From Merida Onward to Colombia

Cucuta Travel Blog

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Ferrying across contraband goods to Venezuela the old fashioned way

Leaving Merida early in the morning I caught a mini-bus for San Cristobal a five hour ride through some winding mountain roads. A quick change of mini-buses later and I was on yet another even smaller mini-bus for the hour and half ride to San Antonio, the Venezuelan town on the Colombian border. By the time we began to approach San Antonio a traffic jam due to road construction through some doubt as to whether I would actually be able to make it to the immigration office before it closed at an unspecified time. With some luck I managed to arrive at the immigration office at around 4:30pm. I knew before coming that you have to pay a departure fee to get your Venezuela stamp but I had no idea how much. There were signs posted in the office that the charge was 46 Bolivars but the office didn't actually sell whatever it was that you were paying for, to pay the fee you had to go across the road to a little kiosk place that sold these stamps, why one single office couldn't handle both tasks I do not know.

Contraband gasoline near the Colombia-Venezuela border
Now the stamps were naturally only sold in increments of 10 Bolivars so you had to buy 5 and they were unable to give you any change! Yet another completely nonsensical and incomprehensible Venezuelan thing, I mean why not just say the charge is 50 Bolivars?? Anyways, after purchasing this nicely paper-clipped bundle of five stamps you have to bring them back over to the immigration office where they take them and do nothing with them; no information is recorded on them and they are not placed into your passport but probably simply brought back across the street at the end of the day and resold the next. Perhaps a simple receipt might be more practical, I don't know. Then you get your exit stamp and are on your way to Colombia, a short walk away.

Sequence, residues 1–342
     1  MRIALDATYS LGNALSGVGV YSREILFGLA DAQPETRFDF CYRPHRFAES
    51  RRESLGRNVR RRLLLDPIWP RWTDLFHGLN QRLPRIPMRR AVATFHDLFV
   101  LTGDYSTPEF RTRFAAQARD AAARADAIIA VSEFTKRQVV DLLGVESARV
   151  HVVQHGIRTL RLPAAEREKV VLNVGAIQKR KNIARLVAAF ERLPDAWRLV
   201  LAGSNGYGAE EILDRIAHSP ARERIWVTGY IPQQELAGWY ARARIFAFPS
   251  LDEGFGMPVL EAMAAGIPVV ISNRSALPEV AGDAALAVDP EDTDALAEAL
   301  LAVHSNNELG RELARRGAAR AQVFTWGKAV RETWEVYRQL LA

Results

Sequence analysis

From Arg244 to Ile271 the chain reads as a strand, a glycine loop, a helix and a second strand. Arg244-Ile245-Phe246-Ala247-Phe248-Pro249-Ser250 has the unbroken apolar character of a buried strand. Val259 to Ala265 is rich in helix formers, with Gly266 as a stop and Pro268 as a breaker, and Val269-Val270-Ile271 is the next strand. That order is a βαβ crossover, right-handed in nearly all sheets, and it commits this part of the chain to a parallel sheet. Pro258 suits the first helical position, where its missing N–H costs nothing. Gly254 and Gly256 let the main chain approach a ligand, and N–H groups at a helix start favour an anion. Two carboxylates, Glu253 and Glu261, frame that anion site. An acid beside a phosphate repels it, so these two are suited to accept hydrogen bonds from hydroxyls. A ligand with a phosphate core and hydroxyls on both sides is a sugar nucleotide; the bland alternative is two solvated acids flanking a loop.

More open contraband on the border

The border is spanned by a bridge, under which runs a fast moving creek. While crossing the bridge we witnessed several people using an overloaded bicycle to, in all likelihood, transfer contraband goods across the border in plain sight of everyone on the bridge. As I took a picture they began to wave at me and yell incomprehensible things, hinting at their potential guilt. After receiving stamps at the Colombian DAS office we proceeded past the customs checkpoint. On the other side of the customs checkpoint were row upon row of gas canisters containing gas siphoned out of cars coming from Venezuela for re-sale to Colombians. In Venezuela gas costs about 3 cents per liter after the siphoning the Colombians were re-selling it at 40 cents a liter. In Colombia gas costs a little over $1 a liter. You have to love the black market created by the absurd cost of Venezuela┬┤s gas. What surprised me was how openly everything took place. I am sure the same thing happens on the Brazilian border where gas in Brazil costs $1.50 a liter, but it is relegated to back streets or warehouses somewhere out of sight.